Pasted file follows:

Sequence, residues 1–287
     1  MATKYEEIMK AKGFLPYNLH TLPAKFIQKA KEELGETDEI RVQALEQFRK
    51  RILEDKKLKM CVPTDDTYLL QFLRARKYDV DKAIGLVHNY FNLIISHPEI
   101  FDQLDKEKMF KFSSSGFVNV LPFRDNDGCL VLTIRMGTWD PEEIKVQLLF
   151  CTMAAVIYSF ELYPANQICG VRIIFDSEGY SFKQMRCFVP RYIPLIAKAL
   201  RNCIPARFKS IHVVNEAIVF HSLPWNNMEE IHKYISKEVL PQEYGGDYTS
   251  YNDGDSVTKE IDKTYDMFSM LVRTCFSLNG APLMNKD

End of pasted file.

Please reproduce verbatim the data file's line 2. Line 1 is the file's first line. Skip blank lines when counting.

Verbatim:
     1  MATKYEEIMK AKGFLPYNLH TLPAKFIQKA KEELGETDEI RVQALEQFRK